Steve Case is kicking off a new startup series from Hopkins, University of Maryland - Technical.ly Baltimore

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Feb. 2, 2018 3:32 pm

Steve Case is kicking off a new startup series from Hopkins, University of Maryland

The universities are also teaming up with Betamore for a post-accelerator program, which just opened applications.

Winners of TEDCO's Incubator Challenge.

(Photo by Stephen Babcock)

AOL cofounder Steve Case is returning to Baltimore in a couple of weeks in a new event series designed to help entrepreneurs.

While Case’s stature will likely give the local tech community some outward-facing attention as it did when he brought the Rise of the Rest tour here in 2015, the behind-the-scenes effort is also worth noting.

Anchor Ventures, as the series is known one of two programs rolling out in the coming weeks that are being jointly organized by Johns Hopkins and the University of Maryland. Along with Betamore, the two local anchor institutions are also launching Trajectory Next, a three-month program that’s designed to further help companies who have gone through accelerator programs.

The new programs also received $125,000 in funding each from TEDCO as part of an effort to introduce more incubators to the state.

The cafe at The Grid in the UM BioPark. (Photo by Stephen Babcock)

The cafe at The Grid in the UM BioPark. (Photo by Stephen Babcock)

Universities are often a catalyst of startup communities, and these two Baltimore institutions connected to big healthcare systems have each made their own moves in recent years to provide more resources to startups. The physical manifestation has come with new landing points like the University of Maryland BioPark and Hopkins’ FastForward hubs. The wider universities have been competitors before, but in coming together they want to open these new spaces up to the community, and provide more resources to entrepreneurs.

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As Tom Sadowski, who serves as the University System of Maryland vice chancellor for economic development, pointed out, the programs are not the only recent example of the two universities working together. JHU President Ronald Daniels and USM Chancellor Robert Caret co-chaired a state committee on the innovation economy, and both universities were backing the recently-completed M-1 Ventures accelerator.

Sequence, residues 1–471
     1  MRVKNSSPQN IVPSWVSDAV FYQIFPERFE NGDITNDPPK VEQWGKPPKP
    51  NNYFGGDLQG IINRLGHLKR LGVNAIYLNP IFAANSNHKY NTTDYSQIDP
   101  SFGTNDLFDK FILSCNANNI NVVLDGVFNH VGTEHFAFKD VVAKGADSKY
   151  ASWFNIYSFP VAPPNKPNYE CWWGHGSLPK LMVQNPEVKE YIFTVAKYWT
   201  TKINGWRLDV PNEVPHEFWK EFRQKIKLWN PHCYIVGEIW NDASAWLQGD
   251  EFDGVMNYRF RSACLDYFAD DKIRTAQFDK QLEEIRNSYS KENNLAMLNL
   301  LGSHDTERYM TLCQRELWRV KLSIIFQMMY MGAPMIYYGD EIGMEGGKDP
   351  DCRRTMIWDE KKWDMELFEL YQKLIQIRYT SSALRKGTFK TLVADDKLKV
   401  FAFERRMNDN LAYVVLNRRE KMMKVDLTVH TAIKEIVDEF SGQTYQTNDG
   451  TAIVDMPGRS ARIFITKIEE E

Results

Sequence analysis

“With the current leadership at the University System of Maryland and Johns Hopkins, we all agree that collaboration increases the footprint of Baltimore and Maryland,” said Mary Morris, USM’s assistant vice chancellor for economic development. It echoes a point we’ve heard often from people like Case and local leaders alike: Growing the tech community will require everyone working together.

Inside Johns Hopkins' FastForward 1812.

Inside Johns Hopkins’ FastForward 1812.

The main goal to get there is to help the entrepreneurs who are here. Here’s a look at the details:

Anchor Ventures

Anchor Ventures is modeled on Venture Cafe, which got its start in Boston. The February 15 event with Case is one example of the programming: a quarterly big-name speaker and highlighting the city’s startup community. Along with Case’s talk, the event will also include a panel discussion with Richard May from Innovation Village, Greg Cangialosi from Baltimore Angels and Betamore, Demian Costa from Sagamore Ventures, Deb Tillett of the ETC and Christy Wyskiel of Johns Hopkins Technology Ventures. (RSVP)

It’s not only about the names, though. Monthly sessions with smaller monthly conversations that are addressing challenges for entrepreneurs.

“Each month what we’re really trying to do is focus on smaller conversations around true needs of entrepreneurs and trying to answer those more effectively for not just Hopkins or not just Maryland but the growth of entrepreneurship across the city,” said FastForward Program Manager Megan Wahler, who is one of the key organizers.

The universities will alternate hosting duties for events between FastForward1812, The Grid in UM BioPak and the space in Inner Harbor’s Columbus Center that houses USM’s marine and environmental research center, IMET. As Wahler pointed out, the changing scenery also provides a chance to check out what’s happening on the other side of town.

Steve Case speaks at the future home of Impact Hub Baltimore, September 2015.

Steve Case speaks at the future home of Impact Hub Baltimore, September 2015.

Trajectory Next

Startups that spin out of research at both universities is geared heavily toward the biotech, life sciences or health IT space. This new program beginning in April is looking to help startups who have already went through the initial phase of getting going. To apply, startups must have gone through an accelerator or similar program. The goal is to help them sell.

“Many accelerator programs focus on helping startups perfect the investor pitch,” Wahler said. “In our experience, startups don’t get enough help with the customer pitch. Our weekly training sessions will fill that gap and get
companies over the early sales planning hump.”

The program will include individual meetings with advisors from JHTV, UM Ventures and Betamore who will help set out growth plans, as well as broker introductions. One of the teams will also receive a cash reward for a yet-to-be-announced amount.

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